Cover image for The divine duty of servants : a book of worship based on the artwork of Bruno Schulz
Title:
The divine duty of servants : a book of worship based on the artwork of Bruno Schulz
Author:
Perez, Rolando.
Personal Author:
Edition:
First edition.
Publication Information:
Brooklyn, NY : Cool Grove Press, 2000.

©1999
Physical Description:
xxviii, 141 pages : illustrations ; 21 cm
Language:
English
Added Author:
ISBN:
9781887276177

9781887276160
Format :
Book

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PG7157.S2942 P47 1999 Adult Non-Fiction Central Closed Stacks-Non circulating
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Summary

Summary

Fiction. Art. THE DIVINE DUTY OF SERVANTS is a unique work that unites prose and art, to explore the dark mythologies of sexual fetishes and power. If it is true, as the French writer Georges Bataille claims, that eroticism and religion go together, then this book sheds light on the eroticism of worship. THE DIVINE DUTY OF SERVANTS is based on the drawings and etchings of the Polish writer/artist, Bruno Schulz, who died at the hands of the Nazis in 1941. THE DIVINE DUTY OF SERVANTS introduces the work of outsider Malcolm McKesson a writer and an artist who like Bruno Schulz, dealt with such topics as foot fetishism, cross-dressing, and erotic scenes of bondage and submission.


Summary

Cultural Writing. This unique work unites prose and art, exploring the dark mythologies of sexual fetishes and power. Based on the erotic drawings and etchings of Polish writer and artist Bruno Schulz, who died at the hands of the Nazis in 1942. Rolando Perez digs around in that rooted turf Schulz describes; he grows his own books in that fecund loam of literature and history, dreams and ideas. His writing is often inspired by or a response to his reading, which is wide and deep --John Strausbaugh, NY Press.


Reviews 2

Publisher's Weekly Review

The Polish Jewish artist and writer Bruno Schulz perished at the hands of the Nazis in 1942. His work survives in two novels (The Street of Crocodiles; Sanatorium Under the Sign of the Hourglass) and he has been praised by such writers as Philip Roth and Cynthia Ozick. This curioius series of vignettes is supposedly based on the erotic drawings of s&m scenarios and foot fetishism that Schulz obsessively drew, although Perez and Cool Grove Press were denied permission by the Schulz estate to reproduce any of Schultz's actual work. Instead, Perez's untethered musings about foot worship, cruel mistresses and erotic humiliation are accompanied by anachronistic photos of "hired models," Perez's own "fetishy photographs" and drawings by the late Malcolm McKesson. Novelist and playwright Perez reimagines fairy tale princesses like Snow White and Cinderella as dominatrices enjoying the favors of their worshipers, and The Odyssey's Circe as commanding a herd of pigs thrilled to be dehumanized in servicing her. Vignettes explore such characters taken from Schulz's writings as the haughty servant girls Undula and Adela, while other insubstantial sketches aim to delineate the erotic visions and political theories of the Marquis de Sade, Wilhelm Reich, Marx and Freud. In relation to these innovators, Perez's interpretive scenarios seem exploitative and pretentious. A slapdash introduction by John Strausbaugh sets up the reader for disappointment, claiming that this book can offer some insight on the question "why we love the master" in the context of Germany's embrace of Hitler. The effort does not deliver on such lofty promises: while it seems clear that the complex interstices of power and submissive eroticism resonated poignantly for the artist Schulz, Perez's graphic stylings merely titillate and attempt to shock. (Feb.) (c) Copyright PWxyz, LLC. All rights reserved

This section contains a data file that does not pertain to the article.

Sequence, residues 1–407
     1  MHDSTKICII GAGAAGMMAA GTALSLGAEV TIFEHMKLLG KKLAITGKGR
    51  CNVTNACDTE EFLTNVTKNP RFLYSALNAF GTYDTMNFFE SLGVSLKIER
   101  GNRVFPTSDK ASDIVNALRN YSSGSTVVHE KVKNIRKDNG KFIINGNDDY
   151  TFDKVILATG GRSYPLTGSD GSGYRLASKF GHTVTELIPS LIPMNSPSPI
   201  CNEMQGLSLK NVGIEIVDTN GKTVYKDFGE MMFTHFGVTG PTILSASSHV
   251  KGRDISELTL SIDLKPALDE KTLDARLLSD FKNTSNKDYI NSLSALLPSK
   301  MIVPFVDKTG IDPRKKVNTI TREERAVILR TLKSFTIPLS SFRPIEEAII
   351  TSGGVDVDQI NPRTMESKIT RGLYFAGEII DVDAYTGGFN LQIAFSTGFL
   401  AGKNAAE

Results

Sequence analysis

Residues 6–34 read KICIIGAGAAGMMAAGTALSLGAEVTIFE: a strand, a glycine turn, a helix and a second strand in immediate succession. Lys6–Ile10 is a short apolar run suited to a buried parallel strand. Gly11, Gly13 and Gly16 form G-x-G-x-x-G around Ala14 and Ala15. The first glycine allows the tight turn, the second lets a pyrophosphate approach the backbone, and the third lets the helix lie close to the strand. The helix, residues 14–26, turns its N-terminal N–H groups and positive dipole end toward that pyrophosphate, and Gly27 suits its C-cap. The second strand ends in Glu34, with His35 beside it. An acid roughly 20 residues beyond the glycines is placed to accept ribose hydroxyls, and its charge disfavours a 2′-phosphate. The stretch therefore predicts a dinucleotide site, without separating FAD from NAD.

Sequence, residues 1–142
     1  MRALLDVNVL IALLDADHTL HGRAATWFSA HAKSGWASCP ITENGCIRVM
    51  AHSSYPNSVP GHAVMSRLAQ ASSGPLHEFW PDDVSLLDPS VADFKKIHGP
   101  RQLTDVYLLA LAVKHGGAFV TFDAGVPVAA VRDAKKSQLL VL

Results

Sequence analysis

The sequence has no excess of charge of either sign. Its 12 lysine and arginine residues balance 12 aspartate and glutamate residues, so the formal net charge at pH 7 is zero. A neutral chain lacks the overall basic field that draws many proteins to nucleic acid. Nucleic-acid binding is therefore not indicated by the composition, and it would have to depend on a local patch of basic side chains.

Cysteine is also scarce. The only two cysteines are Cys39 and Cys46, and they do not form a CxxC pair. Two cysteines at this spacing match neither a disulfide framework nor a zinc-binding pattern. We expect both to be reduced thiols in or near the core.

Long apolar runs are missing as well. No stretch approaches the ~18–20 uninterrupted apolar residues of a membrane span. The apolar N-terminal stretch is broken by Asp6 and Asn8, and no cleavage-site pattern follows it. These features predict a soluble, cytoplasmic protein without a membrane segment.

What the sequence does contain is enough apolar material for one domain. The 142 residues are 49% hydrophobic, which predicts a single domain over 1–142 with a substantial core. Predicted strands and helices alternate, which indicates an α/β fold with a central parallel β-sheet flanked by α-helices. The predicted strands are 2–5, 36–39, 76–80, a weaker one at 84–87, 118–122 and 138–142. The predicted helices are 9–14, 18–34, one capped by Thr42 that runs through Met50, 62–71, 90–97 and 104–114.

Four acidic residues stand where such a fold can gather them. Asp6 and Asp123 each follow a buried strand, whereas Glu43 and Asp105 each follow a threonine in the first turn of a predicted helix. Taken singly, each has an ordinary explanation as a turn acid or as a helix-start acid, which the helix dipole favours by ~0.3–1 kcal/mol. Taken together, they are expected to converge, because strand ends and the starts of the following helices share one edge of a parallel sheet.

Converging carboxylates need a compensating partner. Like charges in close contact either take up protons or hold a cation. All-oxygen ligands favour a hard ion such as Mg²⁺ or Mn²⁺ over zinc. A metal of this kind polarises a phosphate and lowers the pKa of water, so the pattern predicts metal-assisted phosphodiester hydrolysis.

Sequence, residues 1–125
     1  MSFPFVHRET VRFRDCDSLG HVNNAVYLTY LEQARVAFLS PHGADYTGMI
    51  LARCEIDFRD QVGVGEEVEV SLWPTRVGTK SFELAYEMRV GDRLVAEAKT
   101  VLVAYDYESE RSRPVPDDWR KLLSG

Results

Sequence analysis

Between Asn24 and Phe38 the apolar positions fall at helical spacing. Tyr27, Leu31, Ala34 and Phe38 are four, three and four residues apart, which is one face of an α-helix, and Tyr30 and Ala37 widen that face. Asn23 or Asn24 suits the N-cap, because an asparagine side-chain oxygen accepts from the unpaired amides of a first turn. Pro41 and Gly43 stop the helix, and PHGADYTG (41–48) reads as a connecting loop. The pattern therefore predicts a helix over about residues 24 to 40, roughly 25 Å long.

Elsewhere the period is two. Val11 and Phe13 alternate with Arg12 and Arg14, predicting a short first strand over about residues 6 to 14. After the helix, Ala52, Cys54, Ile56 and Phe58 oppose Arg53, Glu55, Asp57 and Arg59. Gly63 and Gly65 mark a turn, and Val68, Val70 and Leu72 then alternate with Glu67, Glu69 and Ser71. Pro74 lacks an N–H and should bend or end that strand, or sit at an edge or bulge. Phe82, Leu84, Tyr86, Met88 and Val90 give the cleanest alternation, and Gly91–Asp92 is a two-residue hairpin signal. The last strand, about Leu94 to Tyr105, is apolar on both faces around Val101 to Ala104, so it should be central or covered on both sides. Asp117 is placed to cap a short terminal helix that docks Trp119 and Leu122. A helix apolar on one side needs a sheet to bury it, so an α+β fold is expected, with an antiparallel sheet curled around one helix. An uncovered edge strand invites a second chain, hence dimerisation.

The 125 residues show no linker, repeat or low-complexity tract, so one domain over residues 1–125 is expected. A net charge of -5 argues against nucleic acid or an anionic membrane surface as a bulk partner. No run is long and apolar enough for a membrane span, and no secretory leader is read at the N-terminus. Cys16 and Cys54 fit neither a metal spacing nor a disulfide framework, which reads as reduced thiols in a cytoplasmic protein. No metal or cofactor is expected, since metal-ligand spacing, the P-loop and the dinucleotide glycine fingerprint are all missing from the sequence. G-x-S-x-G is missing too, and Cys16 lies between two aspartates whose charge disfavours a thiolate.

Publisher's Weekly Review

The Polish Jewish artist and writer Bruno Schulz perished at the hands of the Nazis in 1942. His work survives in two novels (The Street of Crocodiles; Sanatorium Under the Sign of the Hourglass) and he has been praised by such writers as Philip Roth and Cynthia Ozick. This curioius series of vignettes is supposedly based on the erotic drawings of s&m scenarios and foot fetishism that Schulz obsessively drew, although Perez and Cool Grove Press were denied permission by the Schulz estate to reproduce any of Schultz's actual work. Instead, Perez's untethered musings about foot worship, cruel mistresses and erotic humiliation are accompanied by anachronistic photos of "hired models," Perez's own "fetishy photographs" and drawings by the late Malcolm McKesson. Novelist and playwright Perez reimagines fairy tale princesses like Snow White and Cinderella as dominatrices enjoying the favors of their worshipers, and The Odyssey's Circe as commanding a herd of pigs thrilled to be dehumanized in servicing her. Vignettes explore such characters taken from Schulz's writings as the haughty servant girls Undula and Adela, while other insubstantial sketches aim to delineate the erotic visions and political theories of the Marquis de Sade, Wilhelm Reich, Marx and Freud. In relation to these innovators, Perez's interpretive scenarios seem exploitative and pretentious. A slapdash introduction by John Strausbaugh sets up the reader for disappointment, claiming that this book can offer some insight on the question "why we love the master" in the context of Germany's embrace of Hitler. The effort does not deliver on such lofty promises: while it seems clear that the complex interstices of power and submissive eroticism resonated poignantly for the artist Schulz, Perez's graphic stylings merely titillate and attempt to shock. (Feb.) (c) Copyright PWxyz, LLC. All rights reserved